Villanelle is a Wild Sensualist, extremely primal & scent-driven, instinct-driven, this is about atmosphere as much as food, beverage, elaborate cakes on cake stands, and let’s not forget aphrodisiacs.

Don’t forget aphrodisiacs

Villanelle is only about APHRODISIACS, I’m about DIY.

And the difference between us is not that she’s a sociopathic serial killer but that she’d go to a cafe in Paris in pursuit of the best cake, while I need to DIY it because DIY is about sorcery and about independence, it’s fine.

It’s fine.

Soll Sein Mit Mazal

Soll Sein Mit Mazal (Yiddish for “it should happen with good fortune” or “may it be with luck”) is my next incense blend: lemon balm, poppy seeds, cedar, nutmeg, cloves.

The name comes from a story about my grandmother, whose parents mostly spoke Yiddish and were old-country superstitious. They had a ritualized way of closing the windows before a storm, and they would say, I believe, Soll Sein Mit Chesed.

If you speak German, than you understand the first three words, even though that’s not really how you’d say it in German at all. It’s a blessing, or: the opposite of a curse. Chesed is the Hebrew word for compassion or mercy. So the phrase means something like, may god be merciful.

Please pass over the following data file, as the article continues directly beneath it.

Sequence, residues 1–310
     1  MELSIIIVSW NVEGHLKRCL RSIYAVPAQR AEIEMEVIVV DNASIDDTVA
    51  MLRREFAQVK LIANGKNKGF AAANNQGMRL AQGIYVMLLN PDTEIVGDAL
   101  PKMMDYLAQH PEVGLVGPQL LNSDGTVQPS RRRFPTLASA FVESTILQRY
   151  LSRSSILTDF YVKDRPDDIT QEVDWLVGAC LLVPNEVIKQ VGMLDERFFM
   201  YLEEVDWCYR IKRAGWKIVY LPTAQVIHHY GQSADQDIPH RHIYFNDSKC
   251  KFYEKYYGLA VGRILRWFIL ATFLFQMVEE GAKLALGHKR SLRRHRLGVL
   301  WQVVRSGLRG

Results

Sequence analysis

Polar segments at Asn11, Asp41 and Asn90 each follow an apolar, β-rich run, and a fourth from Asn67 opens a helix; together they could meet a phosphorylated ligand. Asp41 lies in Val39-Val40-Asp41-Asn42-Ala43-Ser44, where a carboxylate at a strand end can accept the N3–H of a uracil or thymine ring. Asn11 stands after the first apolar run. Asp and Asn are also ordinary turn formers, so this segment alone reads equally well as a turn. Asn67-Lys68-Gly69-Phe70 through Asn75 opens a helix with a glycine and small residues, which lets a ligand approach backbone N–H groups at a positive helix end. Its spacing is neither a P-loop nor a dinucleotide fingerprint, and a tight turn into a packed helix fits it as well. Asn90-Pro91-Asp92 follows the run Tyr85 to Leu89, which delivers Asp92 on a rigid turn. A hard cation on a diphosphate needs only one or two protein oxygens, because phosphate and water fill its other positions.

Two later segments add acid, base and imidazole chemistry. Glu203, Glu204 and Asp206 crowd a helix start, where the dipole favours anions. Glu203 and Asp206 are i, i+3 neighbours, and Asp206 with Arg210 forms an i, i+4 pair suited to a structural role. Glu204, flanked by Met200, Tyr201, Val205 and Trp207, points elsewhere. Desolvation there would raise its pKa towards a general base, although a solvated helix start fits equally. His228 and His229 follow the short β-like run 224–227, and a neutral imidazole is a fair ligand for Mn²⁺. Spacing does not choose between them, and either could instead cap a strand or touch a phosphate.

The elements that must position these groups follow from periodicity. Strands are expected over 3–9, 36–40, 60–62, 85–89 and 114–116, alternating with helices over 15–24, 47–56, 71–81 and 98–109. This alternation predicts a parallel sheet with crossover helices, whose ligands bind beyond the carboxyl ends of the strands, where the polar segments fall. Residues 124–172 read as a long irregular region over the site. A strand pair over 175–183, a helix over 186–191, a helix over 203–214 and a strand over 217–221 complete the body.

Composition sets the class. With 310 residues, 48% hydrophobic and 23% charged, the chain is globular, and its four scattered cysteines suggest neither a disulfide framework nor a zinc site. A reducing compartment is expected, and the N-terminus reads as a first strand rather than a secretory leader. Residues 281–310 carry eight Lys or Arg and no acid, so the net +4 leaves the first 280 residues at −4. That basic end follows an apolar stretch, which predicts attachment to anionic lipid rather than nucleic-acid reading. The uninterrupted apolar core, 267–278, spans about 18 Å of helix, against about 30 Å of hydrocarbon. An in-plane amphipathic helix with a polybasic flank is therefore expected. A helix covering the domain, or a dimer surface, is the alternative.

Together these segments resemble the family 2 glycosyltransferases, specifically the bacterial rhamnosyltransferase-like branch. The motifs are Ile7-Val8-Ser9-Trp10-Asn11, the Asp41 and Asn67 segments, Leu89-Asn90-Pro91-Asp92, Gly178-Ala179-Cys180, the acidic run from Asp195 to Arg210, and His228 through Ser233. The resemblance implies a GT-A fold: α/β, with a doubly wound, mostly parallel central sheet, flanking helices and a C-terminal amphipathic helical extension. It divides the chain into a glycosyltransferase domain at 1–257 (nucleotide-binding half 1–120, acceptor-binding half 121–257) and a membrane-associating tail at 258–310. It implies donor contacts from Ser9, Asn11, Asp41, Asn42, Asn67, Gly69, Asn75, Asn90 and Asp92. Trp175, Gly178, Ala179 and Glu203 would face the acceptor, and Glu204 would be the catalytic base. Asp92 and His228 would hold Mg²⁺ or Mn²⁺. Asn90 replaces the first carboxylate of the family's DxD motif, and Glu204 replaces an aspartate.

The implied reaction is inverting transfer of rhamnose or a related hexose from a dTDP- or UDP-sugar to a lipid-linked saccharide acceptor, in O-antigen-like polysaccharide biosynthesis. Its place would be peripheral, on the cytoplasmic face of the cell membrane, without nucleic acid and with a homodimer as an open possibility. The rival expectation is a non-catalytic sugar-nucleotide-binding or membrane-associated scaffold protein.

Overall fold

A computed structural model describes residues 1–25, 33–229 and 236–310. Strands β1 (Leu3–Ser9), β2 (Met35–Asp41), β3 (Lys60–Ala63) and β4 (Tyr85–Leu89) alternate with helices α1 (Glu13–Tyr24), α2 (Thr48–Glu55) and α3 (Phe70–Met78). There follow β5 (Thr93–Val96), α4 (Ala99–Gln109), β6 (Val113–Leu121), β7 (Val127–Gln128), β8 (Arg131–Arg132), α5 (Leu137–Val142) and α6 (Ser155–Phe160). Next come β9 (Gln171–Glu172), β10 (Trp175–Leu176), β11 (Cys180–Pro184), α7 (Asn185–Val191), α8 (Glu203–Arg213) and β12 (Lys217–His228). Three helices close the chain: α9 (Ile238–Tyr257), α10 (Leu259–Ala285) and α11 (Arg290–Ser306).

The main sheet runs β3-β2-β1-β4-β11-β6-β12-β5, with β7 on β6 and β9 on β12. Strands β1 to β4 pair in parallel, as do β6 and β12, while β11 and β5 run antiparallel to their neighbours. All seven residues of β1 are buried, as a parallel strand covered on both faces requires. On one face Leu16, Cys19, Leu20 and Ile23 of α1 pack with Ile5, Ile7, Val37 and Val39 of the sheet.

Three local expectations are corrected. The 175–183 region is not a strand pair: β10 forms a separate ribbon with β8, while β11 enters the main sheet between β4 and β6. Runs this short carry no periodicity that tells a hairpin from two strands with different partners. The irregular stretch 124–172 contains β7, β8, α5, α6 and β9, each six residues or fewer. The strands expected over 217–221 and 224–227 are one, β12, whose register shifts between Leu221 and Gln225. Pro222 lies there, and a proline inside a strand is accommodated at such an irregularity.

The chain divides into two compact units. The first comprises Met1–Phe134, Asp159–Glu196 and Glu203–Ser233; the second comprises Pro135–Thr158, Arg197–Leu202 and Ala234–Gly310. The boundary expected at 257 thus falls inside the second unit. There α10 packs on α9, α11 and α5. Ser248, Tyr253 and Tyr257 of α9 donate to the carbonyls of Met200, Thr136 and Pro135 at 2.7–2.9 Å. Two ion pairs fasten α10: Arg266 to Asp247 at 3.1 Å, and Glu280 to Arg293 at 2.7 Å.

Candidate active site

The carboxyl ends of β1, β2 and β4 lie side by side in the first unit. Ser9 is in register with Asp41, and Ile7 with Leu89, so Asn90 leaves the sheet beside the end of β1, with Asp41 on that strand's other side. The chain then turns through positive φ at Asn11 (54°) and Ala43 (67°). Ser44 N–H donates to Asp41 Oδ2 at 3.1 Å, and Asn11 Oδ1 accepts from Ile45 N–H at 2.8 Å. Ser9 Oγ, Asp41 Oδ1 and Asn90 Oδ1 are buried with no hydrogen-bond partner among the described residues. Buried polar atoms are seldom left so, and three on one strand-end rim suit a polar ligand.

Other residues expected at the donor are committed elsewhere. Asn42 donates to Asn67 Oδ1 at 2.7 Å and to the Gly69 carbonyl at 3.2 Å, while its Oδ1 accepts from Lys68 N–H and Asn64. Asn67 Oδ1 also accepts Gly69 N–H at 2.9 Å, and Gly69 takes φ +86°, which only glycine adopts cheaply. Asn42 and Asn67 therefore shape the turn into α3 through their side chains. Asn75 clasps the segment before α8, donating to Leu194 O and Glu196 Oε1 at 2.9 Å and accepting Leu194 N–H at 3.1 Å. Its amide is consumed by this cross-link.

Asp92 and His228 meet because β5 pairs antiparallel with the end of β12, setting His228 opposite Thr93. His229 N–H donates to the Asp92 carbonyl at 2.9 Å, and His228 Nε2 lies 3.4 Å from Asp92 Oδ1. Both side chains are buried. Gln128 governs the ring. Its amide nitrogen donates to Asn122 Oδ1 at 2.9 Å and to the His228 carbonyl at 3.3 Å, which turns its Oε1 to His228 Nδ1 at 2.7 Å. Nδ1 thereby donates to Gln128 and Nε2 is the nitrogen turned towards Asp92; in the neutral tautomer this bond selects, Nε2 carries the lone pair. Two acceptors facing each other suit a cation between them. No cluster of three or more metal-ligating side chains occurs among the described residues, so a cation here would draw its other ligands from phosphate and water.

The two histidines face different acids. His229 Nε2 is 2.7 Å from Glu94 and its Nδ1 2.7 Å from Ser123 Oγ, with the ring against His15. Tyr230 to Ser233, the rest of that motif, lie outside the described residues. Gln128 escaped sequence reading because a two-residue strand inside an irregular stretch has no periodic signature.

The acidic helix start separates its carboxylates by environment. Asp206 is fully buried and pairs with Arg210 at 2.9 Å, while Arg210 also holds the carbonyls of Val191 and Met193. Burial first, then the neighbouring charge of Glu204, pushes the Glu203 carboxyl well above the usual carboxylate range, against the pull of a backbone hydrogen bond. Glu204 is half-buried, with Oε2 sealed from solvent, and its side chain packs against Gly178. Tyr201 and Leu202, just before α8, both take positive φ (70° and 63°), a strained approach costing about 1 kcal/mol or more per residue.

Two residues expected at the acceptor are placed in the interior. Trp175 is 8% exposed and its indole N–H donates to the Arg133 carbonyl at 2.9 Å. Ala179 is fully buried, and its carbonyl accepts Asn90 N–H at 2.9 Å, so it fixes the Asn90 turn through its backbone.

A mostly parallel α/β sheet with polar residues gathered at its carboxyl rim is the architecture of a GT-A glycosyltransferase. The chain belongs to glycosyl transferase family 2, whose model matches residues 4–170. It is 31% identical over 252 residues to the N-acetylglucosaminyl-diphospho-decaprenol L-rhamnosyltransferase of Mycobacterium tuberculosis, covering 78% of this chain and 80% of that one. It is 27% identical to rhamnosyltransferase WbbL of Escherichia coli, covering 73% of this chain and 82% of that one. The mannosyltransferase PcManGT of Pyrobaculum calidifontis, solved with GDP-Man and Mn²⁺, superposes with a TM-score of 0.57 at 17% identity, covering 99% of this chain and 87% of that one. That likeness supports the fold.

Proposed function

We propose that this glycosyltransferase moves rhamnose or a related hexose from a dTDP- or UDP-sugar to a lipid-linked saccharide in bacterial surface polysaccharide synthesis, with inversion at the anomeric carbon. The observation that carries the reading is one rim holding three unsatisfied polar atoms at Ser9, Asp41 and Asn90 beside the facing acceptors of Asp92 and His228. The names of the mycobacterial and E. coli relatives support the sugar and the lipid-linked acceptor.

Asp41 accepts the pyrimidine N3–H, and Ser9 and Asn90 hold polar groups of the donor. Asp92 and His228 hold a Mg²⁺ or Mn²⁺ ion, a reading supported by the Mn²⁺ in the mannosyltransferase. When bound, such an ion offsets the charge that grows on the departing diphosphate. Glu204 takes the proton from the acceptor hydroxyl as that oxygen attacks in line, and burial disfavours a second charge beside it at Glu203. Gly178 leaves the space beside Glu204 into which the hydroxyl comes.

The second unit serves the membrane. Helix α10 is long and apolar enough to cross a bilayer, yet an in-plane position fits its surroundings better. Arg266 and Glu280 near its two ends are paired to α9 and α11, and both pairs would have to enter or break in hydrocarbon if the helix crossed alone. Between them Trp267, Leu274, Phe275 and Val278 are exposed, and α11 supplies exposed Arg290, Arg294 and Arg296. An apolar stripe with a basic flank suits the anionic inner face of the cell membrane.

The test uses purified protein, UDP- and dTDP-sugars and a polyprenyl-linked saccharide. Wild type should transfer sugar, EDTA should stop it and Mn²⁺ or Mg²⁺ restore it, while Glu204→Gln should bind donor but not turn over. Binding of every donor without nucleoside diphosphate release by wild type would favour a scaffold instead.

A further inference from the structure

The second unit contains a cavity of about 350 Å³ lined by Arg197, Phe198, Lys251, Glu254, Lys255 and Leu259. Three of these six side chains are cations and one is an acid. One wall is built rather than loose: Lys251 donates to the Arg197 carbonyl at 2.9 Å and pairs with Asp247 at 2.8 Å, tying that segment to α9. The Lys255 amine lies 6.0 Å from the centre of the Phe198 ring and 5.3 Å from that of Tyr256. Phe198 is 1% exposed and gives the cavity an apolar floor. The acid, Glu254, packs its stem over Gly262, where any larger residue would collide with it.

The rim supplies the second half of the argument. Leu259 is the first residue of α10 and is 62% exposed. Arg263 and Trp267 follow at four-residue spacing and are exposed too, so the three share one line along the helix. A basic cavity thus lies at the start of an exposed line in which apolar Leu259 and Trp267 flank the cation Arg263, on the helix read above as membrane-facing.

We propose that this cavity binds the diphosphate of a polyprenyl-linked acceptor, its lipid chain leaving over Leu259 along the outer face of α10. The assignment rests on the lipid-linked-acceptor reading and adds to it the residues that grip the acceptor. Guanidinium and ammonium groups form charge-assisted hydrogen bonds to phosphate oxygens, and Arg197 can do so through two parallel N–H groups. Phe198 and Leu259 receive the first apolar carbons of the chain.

Something akin to “The good lord willing and the creek don’t rise…”

Luck luck luck, please, some good luck

According to a family story that is blurry in my lost-brain, my grandmother was quite young and at home alone when a storm came on. She knew she was supposed to close all the windows but she couldn’t remember the magic words, so she said Soll Sein Mit Mazal, may it happen with luck, may we be blessed with luck.

And now I say this.

During the monsoon and the flooding, the river rising and rising, I said it each time I looked out the window at the wall of rain. We should be so lucky. May it be lucky. The good lord willing and the creek don’t rise, compassion, compassion, compassion, mercy, mercy, mercy, luck, luck, luck.

Whatever works, right? Whatever fucking works. Whichever magic words are at your disposal.

Burn After Naming

Burn After Naming is my very favorite name that I have ever come up with for an incense blend, because it’s literally what you do: you name it and burn it.

Copal, sandalwood, sarsaparilla. Naming is wishing and invoking. Burning is the process by which the scent is released, like the prayer flags tattering so the prayers can be set free. Destruction as alchemy.


Burn after naming makes me think of the Coen Brothers movie, Burn After Reading, it’s the phrase of spies and top secret files, it’s classified, you read it and burn it (or I guess nowadays you declassify it in your mind, if you are the most embarrassing and dangerous former United States President).

Vital intel is meant to be consumed, in the sense of taken in, and consumed again in the sense of destroyed by fire. Learned and forgotten.

The moment of epiphany, the moment that it’s gone. The scribbled note to remind you of a dream, but the note makes no sense.

Put this in your mouth